resourcesABOUT MT AUTHOR GUIDELINES CLASSIFIEDS EDITORIAL CALENDAR MEDIA GUIDE MASSAGE MART SCHOOLS & EDUCATION FEEDBACK
Day in the Life of an Advanced-Practice DC
Can you tell us a little about your background in the profession? Why did you want to become a DC? I studied at Boston University from 1968-1972 as a pre-med student majoring in biology.
The Value of Melatonin in Breast Cancer Prevention and Adjunctive Treatment
Although melatonin (MLT) is best known for its sleep-aid properties and as a natural remedy to prevent jet lag, extensive experimental studies suggest it possesses anticancer activity through several biological mechanisms.
How Many of Your Patients Have Sarcopenia?
Figure 1 demonstrates the typical appearance of sarcopenia in the paravertebral muscles. Have you considered evaluating your patients for this problem? Sarcopenia is the progressive loss of skeletal muscle mass and function that affects the older population.
Misconceptions & Opportunities With Medicare
As I speak around the country on how to properly document Medicare patient encounters, I get questions regarding opting out of Medicare. There are many misconceptions about opting out of Medicare, including just what it means to opt out.
Energy: For Life and For Death
Energy is a deep topic in Traditional Chinese Medicine. Qi is understood to underlie all of existence, animated or not, and the qi of the living is studied with special attention.
Asking Patients the Right Questions
When was the last time you asked a patient a question? Maybe 30 seconds ago? But, are you asking the right questions to elicit valuable and useful information? As a healthcare provider, you've likely spent hundreds of hours learning to ask the right questions to gather critical health information from your patients.
NCCAOM Launches New Membership Organization
The National Certification Commission for Acupuncture and Oriental Medicine (NCCAOM) recently launched a new national membership organization, the NCCAOM Academy of Diplomates.
Excited to Share the Science of Chiropractic: An Interview With Dr. Heidi Haavik
Dr. Heidi Haavik has become known in the circle of chiropractic researchers as not only a rising star, but also one willing to do research that can have a major impact in the scientific world and how chiropractic is perceived.
Designing a Fitness Plan (Part 4): Blending Pain Relief With Healthy Aging
Pain relief is still the No. 1 reason patients come to my office. However, most of my patients have other goals as well, such as: "I want to lose 10 to 20 pounds"; "I feel old and want to slow down the aging process"; "My doctor says I am becoming a diabetic and need to exercise"; or "I'm tired and want more energy."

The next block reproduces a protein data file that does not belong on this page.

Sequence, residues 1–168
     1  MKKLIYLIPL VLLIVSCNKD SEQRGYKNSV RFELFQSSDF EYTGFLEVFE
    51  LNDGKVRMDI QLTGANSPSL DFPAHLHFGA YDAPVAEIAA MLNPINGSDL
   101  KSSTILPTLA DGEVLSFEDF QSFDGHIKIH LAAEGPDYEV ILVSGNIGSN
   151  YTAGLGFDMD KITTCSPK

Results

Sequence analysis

News in Brief
Northwestern Student Honored for Addressing Concussions Head-On; Northwestern Announces New CFO; Life U. to Provide Unique Opportunity.
Identify & Adjust the Apex Posterior Sacrum
Low back pain involving an apex posterior sacrum (+θX-axis misalignment) typically presents with signs of lumbosacral joint impingement or facet syndrome.
Let's Streamline Your Front Desk
Your front office can be your greatest source of efficiency or a constant bottleneck. Increasing the productivity of this area without sacrificing the quality of patient interaction can be a little tricky.
Health and Wellness Partnership
Yo San University of Traditional Chinese Medicine and The Wellness Center at the LAC + USC Historic General Hospital recently joined forces to extend care to the residents of Boyle Heights area of Los Angeles.
An Interview with Amanda Shayle
JW: Can you share with us some of your history and how you became an acupuncturist? What did you do prior to becoming an acupuncturist? Where did you go to school?
F4CP Launches New Social Media Campaign
The Foundation for Chiropractic Progress has launched a new service to help member doctors: a social media campaign called "Accelerator."
Filling the Gap: The Role of Alternative Practitioners in a Broken Health Care System
I have been asked many times what got me into alternative medicine. My answer is simple: I want to truly help and make a difference in people's health.
Specialized Pro-Resolving Mediators: 21st Century Inflammation Fighters
Specialized pro-resolving mediators, or SPMs, are a portion of the omega-3 fatty-acid spectrum that have been shown to have a powerful effect on reducing inflammation.
The Rest of the Patient Story
I've written previously about allowing a patient to tell you their story – about taking the time to listen and engage all the aspects of their case history, the injury in question, and the related issues.
Transparency is Key at ASA First Annual Meeting
On March 4th and 5th the American Society of Acupuncturists (ASA) held a successful first annual meeting in Albuquerque, New Mexico.
An Alarming Lack of Accountability
Accountability seems to be a lost quality today. The simple act of taking responsibility and doing the right thing just doesn't happen as often as it should. Maybe it is the litigious nature of our society.
Roots in the Community, Branches Far Beyond
The Jung Tao School of Classical Chinese Medicine (JTS) was founded in 1998 by Sean Christian Marshall in Sugar Grove, North Carolina, a small community near Boone in the state's westernmost mountains.
Constructing Our Reality: The Primary Channels and Perception, Part 1
My favorite topic of discussion within Chinese medicine is the acupuncture channel systems. First of all, each of us have them. They are part of our bodies; not something external to us. To learn about the acupuncture channels is to learn about ourselves.
Building Relationships and Referral Networks with Allopathic Practitioners
Dr. Doug, an orthopedist of 20 years, had heard stories from patients who tried acupuncture. While he was able to address many of their complaints effectively, some appeared to gain additional benefit when their care included TCM.
The Art of Listening